10 ADHD-Friendly Cleaning and Organizing Tips
Household tasks can feel overwhelming for people with attention-deficit/hyperactivity disorder. It’s one of the most commonly diagnosed mental disorders of our generation, affecting around 5% of America’s adult population.
People with ADHD tend to have difficulty maintaining concentration and controlling impulses. Many also experience a crippling sense of overwhelm called “task paralysis” that prevents them from completing assignments. These struggles can lead to feelings of helplessness and fatigue, especially when it comes to managing a home.
I have worked with several clients who have ADHD, and more than a few have admitted that their current setup was doing little to help them overcome their anxiety. Their living space didn’t reflect their natural thought processes or habits, so their home— the place they should feel safest in— felt like a confusing, triggering mess they couldn’t escape.
As someone who has always believed in customizing homes to specific lifestyles, this has never sat well with me. Every individual is unique, with different needs and patterns of behavior. I believe that the only things that should determine your organizing and cleaning strategies should be: Does this method help me and my productivity, or does it hurt me? and Is this method sustainable? If you answer “yes” to both, then there’s no reason to feel ashamed for doing it that way.
With all of this being said, I wanted to compile some of the neurodivergent-friendly organizing and cleaning tips I’ve come across in my work. So if you or someone you live with has ADHD, I hope that this list helps you cope better with your day-to-day life— or at least, makes you feel a little more understood.
Store Produce on the Door of Your Fridge. This way, you’ll see what produce you have and how quickly it’s spoiling, rather than having it hidden away in a drawer to rot. Keeping it out of the produce bin may make it go bad faster, but that might encourage you to eat it sooner! In the meantime, try putting your condiments in theproduce bins instead: they expire slower than fruits and veggies, so they can be left out of sight a lot longer without it affecting them much.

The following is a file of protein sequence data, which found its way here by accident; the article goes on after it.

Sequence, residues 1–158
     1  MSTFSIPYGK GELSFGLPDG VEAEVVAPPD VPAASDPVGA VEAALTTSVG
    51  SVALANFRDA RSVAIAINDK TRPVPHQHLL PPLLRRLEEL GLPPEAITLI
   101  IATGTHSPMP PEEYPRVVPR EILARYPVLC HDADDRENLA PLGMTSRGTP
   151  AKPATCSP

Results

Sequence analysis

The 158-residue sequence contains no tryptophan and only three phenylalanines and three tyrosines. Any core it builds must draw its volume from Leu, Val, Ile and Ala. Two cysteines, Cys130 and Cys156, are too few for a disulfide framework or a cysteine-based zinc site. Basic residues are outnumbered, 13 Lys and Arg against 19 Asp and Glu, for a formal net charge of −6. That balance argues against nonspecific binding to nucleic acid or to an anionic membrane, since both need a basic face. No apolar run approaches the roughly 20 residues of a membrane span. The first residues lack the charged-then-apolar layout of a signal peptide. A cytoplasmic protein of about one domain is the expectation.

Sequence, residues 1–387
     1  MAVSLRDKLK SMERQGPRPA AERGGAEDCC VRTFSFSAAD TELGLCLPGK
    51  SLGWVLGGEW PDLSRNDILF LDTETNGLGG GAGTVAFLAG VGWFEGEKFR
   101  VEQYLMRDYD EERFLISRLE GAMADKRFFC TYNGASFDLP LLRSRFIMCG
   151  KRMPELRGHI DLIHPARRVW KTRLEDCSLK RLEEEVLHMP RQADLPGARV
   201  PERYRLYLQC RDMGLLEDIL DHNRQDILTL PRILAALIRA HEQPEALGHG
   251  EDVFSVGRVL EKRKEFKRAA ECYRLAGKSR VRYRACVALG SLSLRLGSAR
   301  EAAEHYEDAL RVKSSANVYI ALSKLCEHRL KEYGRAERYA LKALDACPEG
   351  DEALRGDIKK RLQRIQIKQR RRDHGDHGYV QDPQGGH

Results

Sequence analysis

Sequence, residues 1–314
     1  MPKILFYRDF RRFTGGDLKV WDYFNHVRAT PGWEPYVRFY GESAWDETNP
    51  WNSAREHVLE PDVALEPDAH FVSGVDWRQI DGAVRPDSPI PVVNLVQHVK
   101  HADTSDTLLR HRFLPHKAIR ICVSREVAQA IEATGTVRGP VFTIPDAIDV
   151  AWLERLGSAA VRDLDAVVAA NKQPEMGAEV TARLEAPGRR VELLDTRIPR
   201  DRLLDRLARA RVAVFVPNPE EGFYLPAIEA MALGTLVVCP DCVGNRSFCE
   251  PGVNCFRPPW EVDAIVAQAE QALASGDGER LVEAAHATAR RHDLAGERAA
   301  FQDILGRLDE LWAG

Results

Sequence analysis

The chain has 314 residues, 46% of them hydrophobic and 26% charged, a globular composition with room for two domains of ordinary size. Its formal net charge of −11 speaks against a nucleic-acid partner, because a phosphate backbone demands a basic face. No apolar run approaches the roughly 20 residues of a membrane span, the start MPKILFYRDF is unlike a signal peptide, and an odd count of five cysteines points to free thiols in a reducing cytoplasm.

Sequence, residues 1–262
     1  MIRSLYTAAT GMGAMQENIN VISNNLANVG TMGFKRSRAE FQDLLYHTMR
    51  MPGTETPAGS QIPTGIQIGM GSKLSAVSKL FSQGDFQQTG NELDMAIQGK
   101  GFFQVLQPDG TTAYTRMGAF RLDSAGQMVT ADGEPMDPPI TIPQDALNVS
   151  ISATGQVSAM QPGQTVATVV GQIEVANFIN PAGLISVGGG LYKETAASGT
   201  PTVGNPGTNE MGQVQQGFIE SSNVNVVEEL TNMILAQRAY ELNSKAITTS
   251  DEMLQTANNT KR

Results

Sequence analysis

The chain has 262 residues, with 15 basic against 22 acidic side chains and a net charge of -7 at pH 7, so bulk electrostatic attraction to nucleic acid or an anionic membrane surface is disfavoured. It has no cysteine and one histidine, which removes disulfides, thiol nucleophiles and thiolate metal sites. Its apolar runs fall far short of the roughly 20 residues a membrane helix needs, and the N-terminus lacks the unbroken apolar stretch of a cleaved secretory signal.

Invest in Clear Bins and Containers. No more guesswork— you’ll be able to find what you need a lot easier, and you can group similar items together. Finally, you can know what’s in your fridge, closet, or cabinets at a moment’s glance!
Buy More Hampers. And then scatter them around your apartment! I especially recommend having one by the front door, one in the bathroom, and one in the bedroom. This way, wherever you’re taking your dirty clothes off, they will have a specific place to call home.
Set a Consistent “Chore Day”. It’ll be easier to complete your chores when you get in the habit of doing them on a certain day every week. Set a day that gives you plenty of time to get what you need done.
Have a “Clean Laundry” Bin/Hamper. Does folding laundry feel like an exhausting, useless task? Then why not just stop folding stuff altogether? If you’re constantly leaving clean clothes on chairs or the floor, then you likely don’t care much about wrinkles already. This way, you won’t stress about laundry piles, you won't have to wonder what is and isn’t dirty, and you’ll have a place to dump your clean clothes that doesn’t take up space in your room.
Try Labeling. It’s easier to put things back where they go when you know exactly where it’s supposed to be. Make labels of bins, shelves, cupboards, or anything else to ensure you know where something goes.
Switch It Up Every 15 Mins. If you hate the idea of sitting down to do one task for an hour straight, try setting a timer for 15 mins. Once it goes off, start doing a different household task and set the timer again. It’ll keep your brain on its toes and away from distractions.
Take Your Tools Out First. Whatever you’re planning to do, collect the equipment you’ll need first. That way, you won’t be stopping and starting your work-flow whenever you need another pencil or a measuring tape.
Avoid Over-Cluttering Your Surfaces. It’s convenient to place random objects you’re done using on kitchen tables, nightstands, and bookshelves. Try to do a sweep of your home once per week to clear off these larger surfaces— it’ll offer you peace of mind and more storage space.
Be Forgiving. Be gentle with yourself as you try to implement habits that will improve your mood and productivity. It’s hard to maintain a home, whether you have ADHD or not. So try and remember that even though you’re not perfect and you might stumble, you’re doing your best.
What are some of your favorite ADHD-friendly cleaning and organizing tips? Have you tried any of these before? Did they work out for you? Let me know in the comments so I can learn even more about how to be an accessible and open-minded organizer!